I’ve been attending classes this week at the University of Victoria’s DHSI. From the website:
The Digital Humanities Summer Institute provides an environment ideal to discuss, to learn about, and to advance skills in new computing technologies influencing the work of those in the Arts, Humanities and Library communities.
Perhaps the only institute of its kind, attendees come from all over the world (in my class there are people from Europe, the US, and Thailand as well as Canadians from all parts). We have grad students, professors and librarians.
To get an idea of the content, have a look at the program. From the technical basics (how to use TEI, and how to digitize analogue materials of all media types) to the presentation of advanced tools for meeting emerging scholarly needs in the online environment.
Some of these last are covered in Digital Tools for Literary History, presented by Susan Brown and Stan Ruecker. I’m not in that class, but part of the charm of this event is the change to meet and talk with people from other courses. Here are some of the tools they are featuring:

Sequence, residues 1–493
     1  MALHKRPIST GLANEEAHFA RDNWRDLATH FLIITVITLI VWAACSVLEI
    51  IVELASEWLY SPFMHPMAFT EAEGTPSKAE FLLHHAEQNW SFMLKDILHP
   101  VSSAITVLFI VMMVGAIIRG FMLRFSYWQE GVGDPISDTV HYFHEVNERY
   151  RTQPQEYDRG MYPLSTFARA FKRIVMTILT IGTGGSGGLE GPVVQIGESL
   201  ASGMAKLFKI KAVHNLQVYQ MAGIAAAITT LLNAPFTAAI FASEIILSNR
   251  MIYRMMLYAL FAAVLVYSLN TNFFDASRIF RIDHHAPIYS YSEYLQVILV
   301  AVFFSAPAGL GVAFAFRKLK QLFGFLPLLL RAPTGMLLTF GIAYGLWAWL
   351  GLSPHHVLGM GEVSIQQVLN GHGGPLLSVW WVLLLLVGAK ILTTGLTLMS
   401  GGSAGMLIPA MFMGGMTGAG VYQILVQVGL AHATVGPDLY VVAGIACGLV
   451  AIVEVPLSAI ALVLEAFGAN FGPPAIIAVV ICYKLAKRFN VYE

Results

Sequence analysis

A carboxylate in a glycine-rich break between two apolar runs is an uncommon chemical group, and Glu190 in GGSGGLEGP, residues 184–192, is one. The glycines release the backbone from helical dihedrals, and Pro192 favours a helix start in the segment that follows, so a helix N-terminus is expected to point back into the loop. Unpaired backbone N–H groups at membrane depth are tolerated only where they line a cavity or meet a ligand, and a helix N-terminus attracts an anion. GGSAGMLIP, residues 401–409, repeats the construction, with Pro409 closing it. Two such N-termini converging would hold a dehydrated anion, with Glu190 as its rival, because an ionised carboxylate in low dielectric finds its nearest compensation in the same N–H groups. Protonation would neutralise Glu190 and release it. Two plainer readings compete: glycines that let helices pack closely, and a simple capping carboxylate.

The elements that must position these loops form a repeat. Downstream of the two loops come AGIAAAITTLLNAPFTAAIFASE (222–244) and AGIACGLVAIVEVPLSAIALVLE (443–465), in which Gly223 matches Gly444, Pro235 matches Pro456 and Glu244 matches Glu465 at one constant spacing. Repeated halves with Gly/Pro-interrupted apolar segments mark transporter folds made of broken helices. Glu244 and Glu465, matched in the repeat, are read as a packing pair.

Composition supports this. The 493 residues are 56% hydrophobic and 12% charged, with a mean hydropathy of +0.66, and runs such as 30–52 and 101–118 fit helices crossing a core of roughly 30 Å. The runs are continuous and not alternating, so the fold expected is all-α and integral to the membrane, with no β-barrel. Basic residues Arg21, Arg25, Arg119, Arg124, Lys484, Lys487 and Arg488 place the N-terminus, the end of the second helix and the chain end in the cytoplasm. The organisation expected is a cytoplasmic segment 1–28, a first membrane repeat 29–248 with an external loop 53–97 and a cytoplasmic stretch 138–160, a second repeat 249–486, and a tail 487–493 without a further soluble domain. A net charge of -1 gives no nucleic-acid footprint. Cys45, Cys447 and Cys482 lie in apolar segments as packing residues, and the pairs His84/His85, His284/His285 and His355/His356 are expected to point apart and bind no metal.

… and others!
The Institute is now in its 8th year. It is the brainchild of Ray Siemens, the Canada Research Chair in Humanities Computing, and is supported the SSHRC and other organizations, and is allied with UVic’s Humanities Computing and Media Centre. I believe there is also a strong connection with the Electronic Textual Cultures Lab and Canada wide initiatives, such as TAPoR and Synergies